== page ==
The Borribles, Michael de Larrabeiti’s cleverly subversive young adult fantasy novel, was first published in 1976. Since then, it and its sequels have drifted in and out of print, with the most recent reissue coming in 2014 from Tor Books. So why, exactly, would I recommend a fortyish year old British children’s book to a group of modern gamers?
The intellectualized answer is that it is a classic hero’s journey as described by Joseph Campbell in The Hero With a Thousand Faces and as recently explored in our own Gail Brooke’s article “The Apotheosis of Journey.” It is a grand adventure the likes of which all our alternate selves aspire to. It is impossible not to recognize: an unlikely group assembles to battle a fearsome foe, and along the way they bond, change, and grow before they return from whence they came.
The real answer, though? I loved this book as a twelve year-old, and I love it as an adult. I have read it probably a dozen times across the years, and keep my hardcover copy on my “special” bookshelf. Like all great stories that bridge that age-gap, its engaging surface flows over more complicated themes and the story it tells can be enjoyed and interpreted on multiple levels.
De Larrabeiti’s novel follows eight (mostly) unnamed Borribles, who are selected to go on a grand campaign to rid London of the scourge of the acquisitive, competing Rumbles. Rumbles are like large, soft rats, and hate the Borribles as much as the Borribles hate them. The eight are charged with invading the underground stronghold of Rumbledom and eliminating the Rumbles’ High Command. The entire endeavor is extremely un-Borrible-like (Organization! Training! Rank!), but the desire to be part of an adventure of this magnitude is irresistible to the eight hearty souls who set out for glory.
For the younger set, it can easily be read as the slightly naughty story of an epic quest by a bunch of rather naughty creatures. Borribles, after all, are the best kind of naughty—capable, smart, and not accountable to adults for anything they want to do. As de Larrabeiti describes them:
“Borribles are generally skinny and have pointed ears which give them a slightly satanic appearance. They are pretty tough-looking and always scruffy, with their arses hanging out of their trousers, but apart from that they look just like normal children, although some of them have been Borribles for years and years… They are proud of their quickness of wit. In fact it is impossible to be dull and a Borrible because a Borrible is bright by definition” (12).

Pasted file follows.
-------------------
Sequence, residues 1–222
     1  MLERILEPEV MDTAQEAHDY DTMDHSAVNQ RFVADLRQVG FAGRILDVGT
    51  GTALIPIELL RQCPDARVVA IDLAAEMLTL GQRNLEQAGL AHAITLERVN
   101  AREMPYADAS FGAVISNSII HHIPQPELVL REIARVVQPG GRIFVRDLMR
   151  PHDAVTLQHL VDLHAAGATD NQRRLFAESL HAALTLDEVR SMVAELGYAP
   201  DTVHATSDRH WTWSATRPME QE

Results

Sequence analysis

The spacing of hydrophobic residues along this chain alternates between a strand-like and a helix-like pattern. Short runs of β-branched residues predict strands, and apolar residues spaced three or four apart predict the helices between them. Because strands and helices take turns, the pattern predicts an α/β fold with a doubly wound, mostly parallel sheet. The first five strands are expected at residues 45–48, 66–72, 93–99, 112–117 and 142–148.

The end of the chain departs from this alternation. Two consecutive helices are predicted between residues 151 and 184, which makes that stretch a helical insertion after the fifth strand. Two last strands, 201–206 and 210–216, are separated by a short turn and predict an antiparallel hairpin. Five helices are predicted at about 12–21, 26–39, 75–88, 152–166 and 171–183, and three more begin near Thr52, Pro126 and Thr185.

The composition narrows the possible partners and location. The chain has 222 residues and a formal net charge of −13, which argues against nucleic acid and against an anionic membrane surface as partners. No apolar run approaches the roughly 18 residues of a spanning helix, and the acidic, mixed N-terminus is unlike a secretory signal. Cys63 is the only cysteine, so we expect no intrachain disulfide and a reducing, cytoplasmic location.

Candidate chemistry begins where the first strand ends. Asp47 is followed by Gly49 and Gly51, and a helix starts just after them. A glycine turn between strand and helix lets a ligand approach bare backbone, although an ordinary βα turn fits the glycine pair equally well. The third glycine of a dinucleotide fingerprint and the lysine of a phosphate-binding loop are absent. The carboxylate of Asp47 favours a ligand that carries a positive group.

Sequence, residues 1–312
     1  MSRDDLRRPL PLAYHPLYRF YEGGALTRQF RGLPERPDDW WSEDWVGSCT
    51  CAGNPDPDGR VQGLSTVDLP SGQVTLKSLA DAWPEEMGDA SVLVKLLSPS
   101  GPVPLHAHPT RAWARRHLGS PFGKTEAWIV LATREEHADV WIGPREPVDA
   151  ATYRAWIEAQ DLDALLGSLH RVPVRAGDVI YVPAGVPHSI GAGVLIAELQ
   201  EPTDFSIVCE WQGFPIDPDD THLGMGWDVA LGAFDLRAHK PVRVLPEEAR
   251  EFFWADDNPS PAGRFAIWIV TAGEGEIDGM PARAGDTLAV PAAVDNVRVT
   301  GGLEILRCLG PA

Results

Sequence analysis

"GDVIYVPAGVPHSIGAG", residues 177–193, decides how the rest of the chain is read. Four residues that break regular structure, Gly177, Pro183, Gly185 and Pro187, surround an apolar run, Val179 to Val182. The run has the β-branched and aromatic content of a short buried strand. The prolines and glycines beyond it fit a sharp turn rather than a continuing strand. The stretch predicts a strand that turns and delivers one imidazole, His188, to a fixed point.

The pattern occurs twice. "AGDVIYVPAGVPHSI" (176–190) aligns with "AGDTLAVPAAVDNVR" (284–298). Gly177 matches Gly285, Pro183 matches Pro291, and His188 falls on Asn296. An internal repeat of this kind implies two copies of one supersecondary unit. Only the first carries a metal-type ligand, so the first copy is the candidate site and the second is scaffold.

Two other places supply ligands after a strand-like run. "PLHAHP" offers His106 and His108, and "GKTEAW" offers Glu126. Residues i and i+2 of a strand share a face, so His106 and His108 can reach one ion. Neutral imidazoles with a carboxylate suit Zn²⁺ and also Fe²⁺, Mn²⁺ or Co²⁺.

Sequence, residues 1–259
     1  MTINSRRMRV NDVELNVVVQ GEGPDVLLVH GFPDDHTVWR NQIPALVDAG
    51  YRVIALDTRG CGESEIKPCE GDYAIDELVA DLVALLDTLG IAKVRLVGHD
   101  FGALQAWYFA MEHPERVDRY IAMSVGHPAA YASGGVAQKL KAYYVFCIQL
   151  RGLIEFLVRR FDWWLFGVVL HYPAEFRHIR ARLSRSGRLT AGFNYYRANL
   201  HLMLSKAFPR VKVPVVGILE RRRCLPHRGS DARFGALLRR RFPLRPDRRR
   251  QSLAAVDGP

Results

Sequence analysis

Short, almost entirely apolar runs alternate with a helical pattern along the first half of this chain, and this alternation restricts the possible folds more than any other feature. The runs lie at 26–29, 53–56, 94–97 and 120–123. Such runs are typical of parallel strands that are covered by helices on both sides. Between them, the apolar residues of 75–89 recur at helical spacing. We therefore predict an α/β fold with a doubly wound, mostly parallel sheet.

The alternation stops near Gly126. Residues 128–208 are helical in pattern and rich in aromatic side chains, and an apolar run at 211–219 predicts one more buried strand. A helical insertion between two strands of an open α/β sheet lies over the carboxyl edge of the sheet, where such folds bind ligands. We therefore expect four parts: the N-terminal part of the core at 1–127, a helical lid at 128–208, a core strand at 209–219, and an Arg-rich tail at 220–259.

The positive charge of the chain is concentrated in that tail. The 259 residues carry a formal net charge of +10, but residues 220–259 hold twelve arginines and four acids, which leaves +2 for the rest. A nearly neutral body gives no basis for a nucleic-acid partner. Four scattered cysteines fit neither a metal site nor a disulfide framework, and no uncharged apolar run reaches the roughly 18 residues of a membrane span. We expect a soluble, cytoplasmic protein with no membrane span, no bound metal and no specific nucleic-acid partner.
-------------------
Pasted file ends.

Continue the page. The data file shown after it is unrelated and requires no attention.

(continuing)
The fact that the less polite bits are couched in British slang adds a certain romantic quality on this side of the wide Atlantic.
While they are in many ways strange, fey urchins, de Larrabeiti’s Borribles are still not supernatural: “Normal kids are turned into Borribles very slowly, almost without being aware of it; but one day they wake up and there it is. It doesn’t matter where they come from as long as they have what is called a “bad start”. ” (12). They have adapted to an environment that is not well suited to human children, and have exploited it with great efficiency.
Borribles survive by squatting in empty buildings and pilfering whatever they can, and tend to avoid the police by hiding in plain sight. They masquerade as still-human children by keeping woolen hats pulled down over their pointy ears. In fact, they can be forcibly reverted to human children if the police do get hold of them. It makes perfect sense that their primary guiding principle is, “Don’t get caught.”
If they do get caught, their ears are clipped and they resume their previous human condition. This is never a happy ending. De Larrabeiti’s creepiest villain (among many) in the book is the old rag-and-bones man Dewdrop, an embittered former Borrible turned dreaded Borrible-catcher: “I’m a good friend to the Borribles, always have been. They help me and I help them. Was one myself once, ain’t it, till I got caught. Nasty business growing old. You don’t ever want to get caught, do you?” (109).
That particular threat hangs over the heroic Borribles throughout the entire book, and amidst the action and adventure are episodes of real darkness. Our Borribles make mistakes they can’t walk back, they betray and are betrayed, they lose what they care about and they sacrifice themselves. As a child, I (and I’m sure, most others) accepted all these events as merely sad parts to the story without looking for more. Now, the older set can read into it what they will: a musing on mortality, or responsibility, the loss of innocence, or the inescapable fact that everything changes and all good things must eventually end.
Or not. As I said at the top, there are multiple layers to this story, from childlike bravado to adult nostalgia. Find your level. Keep your hat on, keep your ears covered, and dig in.
E.A. Ruppert contributes book and media reviews for NerdGoblin.com. Thanks for checking this one out. To keep up with the latest NerdGoblin developments, please like us on Facebook , follow us on Twitter and Pinterest, and sign up for the NerdGoblin Newsletter.
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